UK economy growing faster than expected, but deficit high
The UK economy is growing faster than expected, in spite of fears that underlying weaknesses still linger.
According to the Office for National Statistics, UK GDP grew by 0.8% during Q3 2013.
Annual GDP growth was revised upward to 1.9% in Q3 2013 (three months up to the end of September), compared to 2012.
The original estimate had been 1.5%.
Q3 2013’s 0.8% increase over Q3 2012 marks the largest GDP increase for over three years. This positive revision follows another report showing a larger-than-expected decline in the unemployment rate.
UK economy growing faster, but so is deficit
The Office for National Statistics also reported that November’s public sector net borrowing requirement was £16.5bn, compared to £15.6bn in November 2012. The figure excludes taxpayer’s money that was used to bail out banks. November’s public sector borrowing requirement was a nearly 25-year record.
The deficit now stands at 5.1% of GDP, its highest level since the Lawson boom more than twenty years ago.
Sky News quotes Howard Archer, chief European and UK economist at IHS Global Insight, who said “Markedly rising employment and a robust housing market will likely underpin consumer spending over the coming months. If the recovery is to be sustained at a healthy pace, it really does need a marked, extended pick up in business investment and for exports to improve markedly.”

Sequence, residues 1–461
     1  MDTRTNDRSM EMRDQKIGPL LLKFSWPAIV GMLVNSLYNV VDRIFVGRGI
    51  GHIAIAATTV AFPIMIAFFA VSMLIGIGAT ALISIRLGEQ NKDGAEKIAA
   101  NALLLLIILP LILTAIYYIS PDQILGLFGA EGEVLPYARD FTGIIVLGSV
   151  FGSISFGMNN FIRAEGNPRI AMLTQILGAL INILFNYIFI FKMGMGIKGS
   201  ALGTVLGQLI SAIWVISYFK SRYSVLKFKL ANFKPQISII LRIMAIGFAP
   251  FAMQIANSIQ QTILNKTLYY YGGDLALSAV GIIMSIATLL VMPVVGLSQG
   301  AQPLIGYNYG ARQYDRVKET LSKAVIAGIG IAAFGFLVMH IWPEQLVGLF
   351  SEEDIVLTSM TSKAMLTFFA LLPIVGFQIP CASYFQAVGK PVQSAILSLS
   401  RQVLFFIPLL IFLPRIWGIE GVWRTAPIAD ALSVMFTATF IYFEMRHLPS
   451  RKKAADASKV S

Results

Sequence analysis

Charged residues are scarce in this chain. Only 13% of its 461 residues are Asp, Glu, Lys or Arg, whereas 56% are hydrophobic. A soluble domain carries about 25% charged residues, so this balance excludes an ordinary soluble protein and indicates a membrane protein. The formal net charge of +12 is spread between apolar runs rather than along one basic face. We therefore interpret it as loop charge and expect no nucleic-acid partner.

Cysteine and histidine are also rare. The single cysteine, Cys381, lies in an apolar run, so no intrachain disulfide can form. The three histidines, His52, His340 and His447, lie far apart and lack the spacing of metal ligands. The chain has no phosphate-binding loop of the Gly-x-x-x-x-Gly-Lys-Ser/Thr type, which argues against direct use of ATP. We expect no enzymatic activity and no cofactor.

The Telegraph quotes David Kern, chief economist at the British Chambers of Commerce, who said “A fall in the investment balance and a wider trade deficit should not be taken lightly. While it is good news that we are recovering … the large current account deficit highlights the importance of prioritizing measures to boost exports.”
Consumer spending has increased because Britons are spending part of their savings. In Q3 2013 the household-savings-ratio dropped to 5.4% from 6.2% in Q2 2013.
Although the British economy has grown 0.5 of a point better than the Office for National Statistics’ previous estimate, it is still 2% smaller that it was before the financial crisis of 2008.
Graeme Leach, Chief Economist at the Institute of Directors, said:
“As the Chancellor looks at the latest GDP figures he’s likely to reach for a glass of wine and indigestion tablets at the same time. The strength of GDP, with faster year-on-year growth, will be a cause for celebration. But the sources of that growth will make him uncomfortable.”
“Three key problems stand out. Firstly, there is a strong contribution from volatile stock-building. Secondly, the fall in the savings ratio from 6.2% to 5.4% shows spending is running ahead of incomes. Finally, the current account deficit widened from £6.2 billion to £20.7 billion between Q2 and Q3, the highest share of GDP since 1989.”